IN THE UPPER TRIBUNAL
IMMIGRATION AND ASYLUM CHAMBER
Case No: UI-2022-005171
First-tier Tribunal No: HU/54385/2021
THE IMMIGRATION ACTS
Decision & Reasons Issued:
On 7 September 2023
UPPER TRIBUNAL JUDGE BLUNDELL
(NO ANONYMITY ORDER MADE)
ENTRY CLEARANCE OFFICER
For the Appellant: Sonia Ferguson, instructed by Kalam Solicitors
For the Respondent: Edward Terrell, Senior Presenting Officer
Heard at Field House on 23 August 2023
DECISION AND REASONS
1. This is my second decision in this appeal. By the first decision, I found that the First-tier Tribunal had erred in law. I set that decision aside and ordered that the decision on the appeal would be remade following a further hearing. The further hearing took place on 23 August 2023. For the reasons which follow, I have decided to remake the decision on the appeal by dismissing it.
2. The appellant is a Bangladeshi national. Her date of birth is given as 1 January 1992. Her daughter SA is a British citizen who was born on 9 May 2011.
3. The appellant married a man – MH – according to Islamic law, in Bangladesh, in December 2012. He is a British citizen who was born on 1 December 1967. Unbeknownst to the appellant at the time, this was a polygamous marriage and MH’s relationship with his first wife and their children was subsisting. The appellant conceived her daughter with MH and gave birth to her before she discovered this. MH returned to the UK. The appellant remained in Bangladesh and raised her daughter there until 2020, when the appellant decided that SA should relocate to the United Kingdom for a better life. The appellant remains married to MH in Islamic law but their relationship is said not to subsist as a result of his deceit.
4. The appellant made two applications for visit visas in 2018, both of which were refused. On 8 March 2021, she made an application for entry clearance as SA’s parent. The application was supported by various documents. For the purposes of this decision, I need only mention the following.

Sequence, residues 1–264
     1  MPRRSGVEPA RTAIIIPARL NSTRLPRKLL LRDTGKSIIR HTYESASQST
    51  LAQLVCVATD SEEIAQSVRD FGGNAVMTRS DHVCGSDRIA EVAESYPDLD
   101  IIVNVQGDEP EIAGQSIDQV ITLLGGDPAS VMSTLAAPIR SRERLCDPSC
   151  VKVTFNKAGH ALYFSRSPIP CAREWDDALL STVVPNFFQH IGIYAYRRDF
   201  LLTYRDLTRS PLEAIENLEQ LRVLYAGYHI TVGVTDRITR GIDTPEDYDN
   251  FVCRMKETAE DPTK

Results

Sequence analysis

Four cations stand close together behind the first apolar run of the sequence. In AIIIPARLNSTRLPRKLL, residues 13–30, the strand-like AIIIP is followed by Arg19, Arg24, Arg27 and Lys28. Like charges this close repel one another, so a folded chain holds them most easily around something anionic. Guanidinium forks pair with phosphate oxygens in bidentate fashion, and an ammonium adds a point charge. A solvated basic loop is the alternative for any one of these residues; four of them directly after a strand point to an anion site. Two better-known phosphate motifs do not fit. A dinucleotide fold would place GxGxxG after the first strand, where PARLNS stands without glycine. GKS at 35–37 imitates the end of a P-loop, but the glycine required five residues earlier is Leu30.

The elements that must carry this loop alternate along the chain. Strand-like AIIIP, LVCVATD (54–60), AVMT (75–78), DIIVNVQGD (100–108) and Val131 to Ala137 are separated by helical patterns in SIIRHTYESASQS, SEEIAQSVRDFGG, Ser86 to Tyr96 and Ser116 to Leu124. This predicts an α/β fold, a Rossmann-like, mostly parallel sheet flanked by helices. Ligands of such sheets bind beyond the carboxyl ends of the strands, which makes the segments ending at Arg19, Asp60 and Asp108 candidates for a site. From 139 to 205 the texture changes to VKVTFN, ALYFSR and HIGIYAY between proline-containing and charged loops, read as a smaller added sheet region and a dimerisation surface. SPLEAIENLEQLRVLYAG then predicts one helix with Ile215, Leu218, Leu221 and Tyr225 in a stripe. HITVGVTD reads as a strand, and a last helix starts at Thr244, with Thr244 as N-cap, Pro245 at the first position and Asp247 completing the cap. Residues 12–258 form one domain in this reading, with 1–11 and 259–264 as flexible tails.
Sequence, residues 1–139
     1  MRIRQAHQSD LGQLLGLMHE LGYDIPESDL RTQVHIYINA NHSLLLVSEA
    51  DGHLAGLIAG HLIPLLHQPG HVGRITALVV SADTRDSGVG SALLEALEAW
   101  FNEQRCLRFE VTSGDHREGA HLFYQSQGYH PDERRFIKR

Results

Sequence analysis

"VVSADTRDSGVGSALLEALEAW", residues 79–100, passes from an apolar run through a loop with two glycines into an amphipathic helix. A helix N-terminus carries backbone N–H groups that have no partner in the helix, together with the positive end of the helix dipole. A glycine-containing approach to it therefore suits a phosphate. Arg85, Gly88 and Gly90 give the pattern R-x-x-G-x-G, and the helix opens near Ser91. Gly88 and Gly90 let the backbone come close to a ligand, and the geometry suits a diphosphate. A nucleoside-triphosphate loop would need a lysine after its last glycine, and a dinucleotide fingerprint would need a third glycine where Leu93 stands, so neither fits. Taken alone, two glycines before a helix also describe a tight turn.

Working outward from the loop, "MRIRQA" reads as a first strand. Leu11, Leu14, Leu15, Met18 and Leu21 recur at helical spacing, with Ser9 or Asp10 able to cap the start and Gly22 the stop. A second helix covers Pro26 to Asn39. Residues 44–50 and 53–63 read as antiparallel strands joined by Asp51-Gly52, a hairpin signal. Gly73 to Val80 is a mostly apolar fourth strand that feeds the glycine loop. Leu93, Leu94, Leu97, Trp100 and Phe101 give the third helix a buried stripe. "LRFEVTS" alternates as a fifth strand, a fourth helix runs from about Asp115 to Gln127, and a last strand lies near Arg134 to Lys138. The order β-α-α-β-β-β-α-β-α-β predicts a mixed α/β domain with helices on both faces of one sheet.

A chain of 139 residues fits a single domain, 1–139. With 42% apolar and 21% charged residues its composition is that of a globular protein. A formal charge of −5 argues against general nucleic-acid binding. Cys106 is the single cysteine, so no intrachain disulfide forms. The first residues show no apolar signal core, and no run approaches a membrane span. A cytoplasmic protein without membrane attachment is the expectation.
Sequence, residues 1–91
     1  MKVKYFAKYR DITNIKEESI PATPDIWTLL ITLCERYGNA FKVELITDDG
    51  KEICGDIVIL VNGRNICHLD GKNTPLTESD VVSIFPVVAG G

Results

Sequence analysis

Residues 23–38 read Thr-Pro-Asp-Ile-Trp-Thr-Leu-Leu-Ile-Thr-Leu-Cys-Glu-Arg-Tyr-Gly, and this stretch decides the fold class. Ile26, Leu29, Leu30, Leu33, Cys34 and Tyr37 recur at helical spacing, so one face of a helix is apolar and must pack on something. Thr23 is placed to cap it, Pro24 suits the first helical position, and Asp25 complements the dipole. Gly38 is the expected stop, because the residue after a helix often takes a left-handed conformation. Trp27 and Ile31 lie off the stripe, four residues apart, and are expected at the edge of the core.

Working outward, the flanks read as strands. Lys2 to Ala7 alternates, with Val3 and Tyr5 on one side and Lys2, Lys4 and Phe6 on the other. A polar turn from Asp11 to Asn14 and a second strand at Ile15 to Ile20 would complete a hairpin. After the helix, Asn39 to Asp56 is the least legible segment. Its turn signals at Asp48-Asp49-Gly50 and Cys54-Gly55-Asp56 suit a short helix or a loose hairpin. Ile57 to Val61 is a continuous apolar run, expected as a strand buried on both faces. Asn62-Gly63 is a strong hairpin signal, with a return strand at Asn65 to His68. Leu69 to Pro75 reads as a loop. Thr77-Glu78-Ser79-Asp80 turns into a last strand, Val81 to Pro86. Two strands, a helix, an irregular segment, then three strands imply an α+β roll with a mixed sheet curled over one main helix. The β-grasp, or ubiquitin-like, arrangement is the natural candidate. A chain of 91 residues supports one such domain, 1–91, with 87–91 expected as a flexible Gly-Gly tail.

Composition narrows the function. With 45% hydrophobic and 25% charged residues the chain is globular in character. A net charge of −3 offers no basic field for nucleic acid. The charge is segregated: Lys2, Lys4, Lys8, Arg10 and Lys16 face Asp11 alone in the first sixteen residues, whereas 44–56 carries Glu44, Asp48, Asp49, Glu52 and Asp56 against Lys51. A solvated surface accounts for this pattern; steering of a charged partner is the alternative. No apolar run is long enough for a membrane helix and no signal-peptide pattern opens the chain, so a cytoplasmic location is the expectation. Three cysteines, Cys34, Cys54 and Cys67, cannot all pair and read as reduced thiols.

5. There was a covering letter from the appellant’s solicitors which set out all of the relevant requirements of the Immigration Rules. It also provided a helpful summary of the case. The background to SA’s birth was set out, as was the breakdown in the relationship between the appellant and her husband. SA was said to live in the Midlands with the appellant’s uncle, Mr Qayoum, and to have no contact with her father. The letter stated that the appellant had parental responsibility for SA and that she continued to play an active role in the life of the child.
6. The letter stated that the appellant relied on third party support in order to meet the Financial Requirements in the Immigration Rules. Such support was to be provided by the appellant’s cousin, Mr Mohammed Abul Hussain Ali, who earned a salary of more than £42,000 and had savings of more than £9000. The appellant had in any event been offered a full time job on arrival in the United Kingdom. She would live with her uncle and her child at his property in the West Midlands. It was submitted that the best interests of the appellant’s daughter militated in favour of the appellant’s admittance.
7. The relevant assertions in the covering letter were supported by a statement from the appellant’s uncle, amongst other documents.
The Respondent’s Decision
8. The respondent refused the application on 14 June 2021. She gave the following reasons for that decision. Firstly, she was not satisfied that the appellant was the parent of a British child as claimed (paragraph E-ECPT 2.2 refers). Secondly, the respondent was not satisfied that the applicant had sole parental responsibility for her daughter, or that the appellant met the alternative relationship requirement (paragraph E-ECPT 2.3 refers). That conclusion and the third conclusion (under paragraph E-ECPT 2.4) were based on the respondent’s refusal to accept that MH played an ongoing role in SA’s life. Fourthly, the respondent was not satisfied that the appellant met the Financial Requirements in Appendix FM because neither reliance on third party support nor offers of prospective employment were accepted for applications under this route. The application was accordingly refused under the Immigration Rules and the respondent considered that there were no exceptional circumstances which rendered refusal incompatible with Article 8 ECHR.
Proceedings on Appeal